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I am trying to simulate TLC555. Simulation results don't show any issue except that the out is almost negligible.


1 Answer 1


In SPICE, "10M" means "ten milli-ohms". To get ten megaohms you need to say "10MEG".

So you have connected a 10m\$\Omega\$ resistor between the output and ground, which means that the low output is expected.

Change the value of R3 to 10000K or 10 MEG.

SPICE hails from the 1970s, an era when accommodating both upper and lower case characters was considered a bit of a luxury for serious computations.

  • \$\begingroup\$ Which simulator does OP use? Some know the difference between the ‘m’ (milli) and ‘M’ (mega) suffix. \$\endgroup\$ Commented Apr 10, 2022 at 21:37
  • \$\begingroup\$ @hacktastical obviously one that doesn’t , with ~200mA flowing into a “10M” resistor. Looks like the Orcad interface, so likely PSPICE. \$\endgroup\$ Commented Apr 10, 2022 at 21:41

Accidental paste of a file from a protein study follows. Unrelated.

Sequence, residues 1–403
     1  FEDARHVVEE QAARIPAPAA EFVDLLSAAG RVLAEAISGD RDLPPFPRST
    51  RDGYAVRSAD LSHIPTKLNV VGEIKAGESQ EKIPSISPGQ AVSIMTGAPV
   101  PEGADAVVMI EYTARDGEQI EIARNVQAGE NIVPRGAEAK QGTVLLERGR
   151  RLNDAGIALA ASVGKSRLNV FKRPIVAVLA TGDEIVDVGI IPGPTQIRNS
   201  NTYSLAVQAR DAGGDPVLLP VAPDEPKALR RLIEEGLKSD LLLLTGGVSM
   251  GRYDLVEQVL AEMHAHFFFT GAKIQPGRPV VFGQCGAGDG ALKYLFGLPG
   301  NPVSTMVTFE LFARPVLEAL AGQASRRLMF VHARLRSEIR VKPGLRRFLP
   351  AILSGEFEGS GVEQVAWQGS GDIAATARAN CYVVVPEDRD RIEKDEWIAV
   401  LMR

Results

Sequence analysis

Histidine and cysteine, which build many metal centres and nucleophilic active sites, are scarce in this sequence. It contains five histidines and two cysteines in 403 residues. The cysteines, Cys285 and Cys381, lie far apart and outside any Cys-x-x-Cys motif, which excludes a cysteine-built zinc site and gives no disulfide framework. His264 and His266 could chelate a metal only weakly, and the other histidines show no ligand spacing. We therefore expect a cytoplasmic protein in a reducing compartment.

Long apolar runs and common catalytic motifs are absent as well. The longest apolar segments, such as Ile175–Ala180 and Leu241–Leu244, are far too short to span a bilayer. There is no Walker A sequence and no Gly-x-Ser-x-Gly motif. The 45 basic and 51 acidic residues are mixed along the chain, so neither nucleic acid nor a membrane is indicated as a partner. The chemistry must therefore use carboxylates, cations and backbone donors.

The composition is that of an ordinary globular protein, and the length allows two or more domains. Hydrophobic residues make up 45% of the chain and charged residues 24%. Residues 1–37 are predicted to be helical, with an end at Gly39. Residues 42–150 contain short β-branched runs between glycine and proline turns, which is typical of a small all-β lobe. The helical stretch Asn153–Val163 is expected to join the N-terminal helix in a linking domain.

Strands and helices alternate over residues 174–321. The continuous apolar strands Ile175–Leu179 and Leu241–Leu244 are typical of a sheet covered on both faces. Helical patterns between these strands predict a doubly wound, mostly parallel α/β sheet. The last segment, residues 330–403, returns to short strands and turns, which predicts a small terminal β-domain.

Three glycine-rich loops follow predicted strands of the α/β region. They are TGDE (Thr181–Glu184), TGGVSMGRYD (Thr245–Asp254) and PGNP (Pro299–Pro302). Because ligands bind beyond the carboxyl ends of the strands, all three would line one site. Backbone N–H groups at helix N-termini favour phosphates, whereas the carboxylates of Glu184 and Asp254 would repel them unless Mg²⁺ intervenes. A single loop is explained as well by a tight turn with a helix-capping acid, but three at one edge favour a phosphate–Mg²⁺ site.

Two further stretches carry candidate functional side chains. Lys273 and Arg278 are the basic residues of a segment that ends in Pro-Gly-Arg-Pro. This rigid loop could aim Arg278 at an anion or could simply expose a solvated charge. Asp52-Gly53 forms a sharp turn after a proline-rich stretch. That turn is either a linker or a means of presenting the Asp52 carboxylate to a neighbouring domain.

• \$\begingroup\$ Wow, that’s pretty lame on Cadence’s part that they don’t get that right. \$\endgroup\$ Commented Apr 11, 2022 at 0:26
  • \$\begingroup\$ @hacktastical well, it's backward-compatible so it doesn't break MH inductors or whatever. Always with the trade-offs y'know. \$\endgroup\$ Commented Apr 11, 2022 at 0:27
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    \$\begingroup\$ Quick check: LTSpice forcibly translates 'M' to 'm' (milli). You have to explicitly enter 'meg' to get 10e6. You can also enter '10e6'. As good as LTSpice is, I think this is broken. As for the other sims, here we have a user who got tripped up by it in Pspice. So, also broken. On the other hand Falstad gets it right, SI-unit wise: 'M' is correctly interpreted as 'mega' (10e6.) \$\endgroup\$ Commented Apr 12, 2022 at 0:20

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